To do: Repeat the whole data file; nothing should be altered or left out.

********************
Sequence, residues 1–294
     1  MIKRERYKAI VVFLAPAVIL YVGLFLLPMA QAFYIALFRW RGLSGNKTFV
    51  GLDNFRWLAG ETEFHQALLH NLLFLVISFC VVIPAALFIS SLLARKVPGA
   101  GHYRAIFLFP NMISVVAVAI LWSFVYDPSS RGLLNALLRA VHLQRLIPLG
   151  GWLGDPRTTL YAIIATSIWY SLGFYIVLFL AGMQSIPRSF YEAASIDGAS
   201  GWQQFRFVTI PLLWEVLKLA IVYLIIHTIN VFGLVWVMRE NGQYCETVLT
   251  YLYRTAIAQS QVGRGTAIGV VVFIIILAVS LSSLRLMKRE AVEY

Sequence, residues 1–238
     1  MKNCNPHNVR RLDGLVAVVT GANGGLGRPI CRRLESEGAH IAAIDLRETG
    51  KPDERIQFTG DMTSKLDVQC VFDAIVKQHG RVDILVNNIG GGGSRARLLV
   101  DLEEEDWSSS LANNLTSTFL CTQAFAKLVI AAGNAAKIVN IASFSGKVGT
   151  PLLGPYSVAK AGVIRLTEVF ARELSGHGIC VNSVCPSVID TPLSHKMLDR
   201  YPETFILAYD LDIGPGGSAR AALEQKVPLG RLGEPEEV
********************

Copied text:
Sequence, residues 1–294
     1  MIKRERYKAI VVFLAPAVIL YVGLFLLPMA QAFYIALFRW RGLSGNKTFV
    51  GLDNFRWLAG ETEFHQALLH NLLFLVISFC VVIPAALFIS SLLARKVPGA
   101  GHYRAIFLFP NMISVVAVAI LWSFVYDPSS RGLLNALLRA VHLQRLIPLG
   151  GWLGDPRTTL YAIIATSIWY SLGFYIVLFL AGMQSIPRSF YEAASIDGAS
   201  GWQQFRFVTI PLLWEVLKLA IVYLIIHTIN VFGLVWVMRE NGQYCETVLT
   251  YLYRTAIAQS QVGRGTAIGV VVFIIILAVS LSSLRLMKRE AVEY

Sequence, residues 1–238
     1  MKNCNPHNVR RLDGLVAVVT GANGGLGRPI CRRLESEGAH IAAIDLRETG
    51  KPDERIQFTG DMTSKLDVQC VFDAIVKQHG RVDILVNNIG GGGSRARLLV
   101  DLEEEDWSSS LANNLTSTFL CTQAFAKLVI AAGNAAKIVN IASFSGKVGT
   151  PLLGPYSVAK AGVIRLTEVF ARELSGHGIC VNSVCPSVID TPLSHKMLDR
   201  YPETFILAYD LDIGPGGSAR AALEQKVPLG RLGEPEEV